G is for Gumshoe - Page 64/98

"Agnes was picked up. She's in the emergency room at St. Terry's and she's asking for Kinsey. We left a couple of messages on the answering machine, but when we didn't hear back, we thought we'd stop by. We're on our way to the hospital. Is she home yet?"

Dietz said, "Hang on." He pointed to the answering machine, which rested on the bookshelf behind the sofa. I eased across the room and checked the message light, which indicated that two calls had been recorded. I turned the volume down, pushed the auto playback button, and listened to the tape. The first message was from Irene, the second from Clyde, both saying much the same thing. Agnes had been found and was asking for me. Dietz and I exchanged a look. He lifted his brows in a facial shrug. He flipped the porch light on, peered through the spyhole, and opened the door with caution. Clyde was standing by himself on the doorstep in a circle of wan light. Beyond him, all was darkness. The fog was rolling in and I could see faint wisps of it curling around the light. "Sorry for the inconvenience," he said. "I don't like to disturb people this late, but Irene insisted."

"Come on in," Dietz said, stepping back so Clyde could enter. Dietz closed the door behind him and motioned Clyde to have a seat, an offer Clyde declined with a brief shake of his head. "Irene's waiting in the car. I don't want to leave her too long. She's anxious to get over there."

He was looking weary, his baggy face weighted with anxiety. He wore a tan gabardine topcoat, hands shoved down in his pockets. His gaze flickered across Dietz's holster but he refrained from comment, as if mentioning the gun might be a breach of etiquette.

"How's Agnes doing? Has anybody said?" I asked.

"We're not really sure. The doc says minor cuts and bruises… nothing serious… but her heartbeat's irregular and I guess they put her on some kind of monitor. She'll be admitted as soon as we sign the paperwork. I gather it's nothing life-threatening, but the woman is eighty-some-odd years old."

"The cops picked her up?"

Clyde nodded. "Some woman spotted her, wandering in the street. She was the one who called the police. The officer who called said Agnes is disoriented, has no idea where she is or where she's been all this time. The doc says she's been talking about you since they brought her in. We'd appreciate your coming with us if it's not too much trouble."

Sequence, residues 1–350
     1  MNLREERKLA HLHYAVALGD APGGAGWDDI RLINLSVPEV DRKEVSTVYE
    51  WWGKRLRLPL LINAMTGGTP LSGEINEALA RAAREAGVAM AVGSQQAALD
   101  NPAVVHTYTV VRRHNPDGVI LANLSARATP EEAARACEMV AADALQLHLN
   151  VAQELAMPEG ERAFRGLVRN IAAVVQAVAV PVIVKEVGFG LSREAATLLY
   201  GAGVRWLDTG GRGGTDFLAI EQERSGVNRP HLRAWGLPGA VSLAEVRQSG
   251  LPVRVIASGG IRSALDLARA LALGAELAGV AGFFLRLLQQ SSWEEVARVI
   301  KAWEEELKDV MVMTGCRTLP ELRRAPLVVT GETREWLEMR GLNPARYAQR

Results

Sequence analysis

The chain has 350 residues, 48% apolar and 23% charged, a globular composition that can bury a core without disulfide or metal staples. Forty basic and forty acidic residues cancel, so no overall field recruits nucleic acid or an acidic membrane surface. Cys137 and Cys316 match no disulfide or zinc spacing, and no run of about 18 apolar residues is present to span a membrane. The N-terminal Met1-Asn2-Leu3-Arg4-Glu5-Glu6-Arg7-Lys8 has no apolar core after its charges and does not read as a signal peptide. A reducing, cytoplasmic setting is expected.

I said, "Sure. Let me change my clothes. I don't want to go like this."

"I'll let Irene know you're coming," he said to me. And then to Dietz, "Will you follow in your car or ride with us?"

"We'll come in your car and grab a cab back," Dietz said.

I was on my way up to the loft, stripping off the black silk jacket as I went, kicking off my shoes. I leaned my head out over the railing. "Where'd they find her?"

Clyde turned his face up to mine with a shrug. "Same neighborhood as the nursing home… somewhere close by… so she didn't get far. I can't figure out how we missed her unless she saw us and hid."

"I wouldn't put it past her." I ducked back, peeling off the jumpsuit, hopping on one foot as I tugged my jeans on over the black panty hose. I put a bra on, grabbed a polo shirt out of the chest of drawers, pulled it on, and shook my hair out. I stepped into my high-top Reeboks and left the laces for later. I was clopping down the narrow staircase two seconds later, reaching for my shoulderbag.

"Let's hit it," I said, as Dietz opened the door.

Clyde's white Mercedes sedan was parked at the curb. Irene, in the front, turned a worried face toward us as we approached.

The fifteen-minute drive to St. Terry's was strained. Dietz and I sat in the backseat with Dietz angled sideways so he could check out the back window for any cars following. I was perched, leaning forward, arms resting on the front seat close to Irene, who clutched my hand as if it were a lifeline. Her fingers were icy and I found myself listening unconsciously for the wheezing that might signal another asthma attack. No one said much. The information about Agnes was limited and there didn't seem to be any point in repeating it.

The small parking lot in front of the emergency room was full. A black-and-white occupied the end slot. Clyde pulled up to the entrance and let us out, then went off to find parking on the street. Irene hung back, evidently reluctant to go in without him. She wore a lightweight spring coat, double-breasted, bright red, which she pulled around her now as if for warmth. I could see her peering off toward the streetlights, hoping to catch sight of him.

"He'll be with us shortly," I said.